Whether you are building in East Hampton, Sagaponack, or Sag Harbor, there are two very different methods for hiring a building contractor out here, and that decision can make a big difference to your final costs.
When you want to build an addition, or renovate the kitchen or bath, how do you hire the professionals that will perform the work? Most people assume that there is only one method; you contact several different contractors and ask them all for a fixed price bid. After all the bids come in, many people simply pick the least expensive bid, jump in with both feet, and hope for the best.
One of my partner’s favorite sayings: “You don’t always get what you paid for, but you rarely get more than you paid for.” In other words, beware of the low bid that seems too good to be true. There really are no free lunches in this industry, as labor and materials are both too expensive to be given away.
Now, let’s look at how the contractor established that fixed price bid.
Home construction utilizes a lot of human labor. Their actual daily output is difficult to project accurately for 6 to 8 months into the future. Unforeseen contingencies, weather, and the normal changes in the cost of construction materials are another estimating problem. Although an experienced contractor can create construction budgets, they are typically not fixed costs, and are really nothing more than educated guesses.
With a fixed price bid, a contractor must assume all the worst-case scenarios. Why should he (or she) take the big risks on your behalf? A 10% error can cost the contractor substantial dollars, all of which have to come out of their own pockets. Consequently, all the potential, unforeseen costs are added to your fixed price bid, even if the team is producing the work fast enough, or the price of lumber doesn’t go up.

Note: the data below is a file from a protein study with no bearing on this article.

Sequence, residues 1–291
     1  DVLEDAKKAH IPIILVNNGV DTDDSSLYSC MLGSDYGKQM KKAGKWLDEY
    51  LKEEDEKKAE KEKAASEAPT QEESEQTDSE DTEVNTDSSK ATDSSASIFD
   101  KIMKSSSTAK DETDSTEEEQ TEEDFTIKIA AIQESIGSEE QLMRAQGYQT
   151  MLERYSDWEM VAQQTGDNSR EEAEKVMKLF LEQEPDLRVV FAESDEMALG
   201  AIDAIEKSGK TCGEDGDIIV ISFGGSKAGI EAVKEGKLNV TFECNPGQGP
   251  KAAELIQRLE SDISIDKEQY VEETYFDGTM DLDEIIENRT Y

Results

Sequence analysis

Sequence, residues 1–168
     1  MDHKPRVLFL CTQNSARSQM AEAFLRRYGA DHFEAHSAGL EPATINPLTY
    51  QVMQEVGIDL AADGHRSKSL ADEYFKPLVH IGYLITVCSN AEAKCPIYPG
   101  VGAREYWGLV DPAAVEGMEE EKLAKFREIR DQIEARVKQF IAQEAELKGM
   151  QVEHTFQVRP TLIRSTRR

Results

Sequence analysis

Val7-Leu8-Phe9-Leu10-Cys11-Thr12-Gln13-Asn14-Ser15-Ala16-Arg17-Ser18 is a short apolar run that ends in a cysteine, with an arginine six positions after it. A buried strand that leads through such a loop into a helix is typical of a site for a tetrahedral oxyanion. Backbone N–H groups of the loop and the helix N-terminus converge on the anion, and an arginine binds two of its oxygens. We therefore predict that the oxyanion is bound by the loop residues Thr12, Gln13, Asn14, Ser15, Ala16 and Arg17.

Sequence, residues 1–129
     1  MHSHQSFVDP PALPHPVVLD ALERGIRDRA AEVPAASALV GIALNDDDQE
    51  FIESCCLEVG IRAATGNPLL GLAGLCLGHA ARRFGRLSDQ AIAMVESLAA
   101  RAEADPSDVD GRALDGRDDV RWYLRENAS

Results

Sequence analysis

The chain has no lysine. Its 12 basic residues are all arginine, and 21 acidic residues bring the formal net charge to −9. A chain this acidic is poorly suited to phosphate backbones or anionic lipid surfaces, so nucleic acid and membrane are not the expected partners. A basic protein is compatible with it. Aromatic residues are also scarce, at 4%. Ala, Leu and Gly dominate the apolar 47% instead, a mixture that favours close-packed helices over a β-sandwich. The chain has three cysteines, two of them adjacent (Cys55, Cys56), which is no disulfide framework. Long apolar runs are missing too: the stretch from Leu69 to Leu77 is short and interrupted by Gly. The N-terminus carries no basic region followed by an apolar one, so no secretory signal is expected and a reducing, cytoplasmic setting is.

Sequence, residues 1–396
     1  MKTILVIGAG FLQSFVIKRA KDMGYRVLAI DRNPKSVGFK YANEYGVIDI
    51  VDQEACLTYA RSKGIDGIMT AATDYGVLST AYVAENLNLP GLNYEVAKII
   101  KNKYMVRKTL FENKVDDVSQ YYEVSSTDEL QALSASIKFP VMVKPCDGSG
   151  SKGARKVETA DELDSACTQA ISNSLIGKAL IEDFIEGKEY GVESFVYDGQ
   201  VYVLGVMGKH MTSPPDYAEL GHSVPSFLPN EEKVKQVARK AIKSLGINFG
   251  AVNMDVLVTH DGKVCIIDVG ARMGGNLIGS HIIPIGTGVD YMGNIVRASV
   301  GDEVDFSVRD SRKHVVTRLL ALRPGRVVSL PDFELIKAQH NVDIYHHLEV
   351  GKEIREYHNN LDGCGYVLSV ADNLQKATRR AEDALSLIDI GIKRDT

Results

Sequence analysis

The Time & Materials Alternative:
What many people may not realize is that there is another way to get the work accomplished. This alternate method has been around for centuries, and is called “Time and Materials,” or “Cost Plus” contracts (or hand-shakes).
Assuming your contractor has impeccable references from previous customers, this time tested method is typically the least expensive way to get a project completed. You will only pay for the actual work performed (not for the possible pitfalls that did not occur). It can be built exactly how you wanted it to look, and all without creating the conflicts of interest inherent between the owner (who wants the lowest price) and the contractor (who wants to make the highest profit).
This alternate method puts everyone on the same team. The owner and the contractor become collaborators, not members of opposing teams with ultimately different goals. Is there added risk with this method? In the long run, I would argue no. However, many others would argue the opposite.
Yes, it’s true that you don’t know the final costs until you are done, but in actuality the same is true for a fixed price bid. The “extras,” and the built-in penalties for changes, make a fixed price bid just as risky.
So which method is right for you? The common wisdom is that renovations, additions, and rehabilitations are best done utilizing a Time and Materials Contract (like the American Institute of Architects “Cost Plus” contract), while new construction will typically utilize a Fixed Price Contract.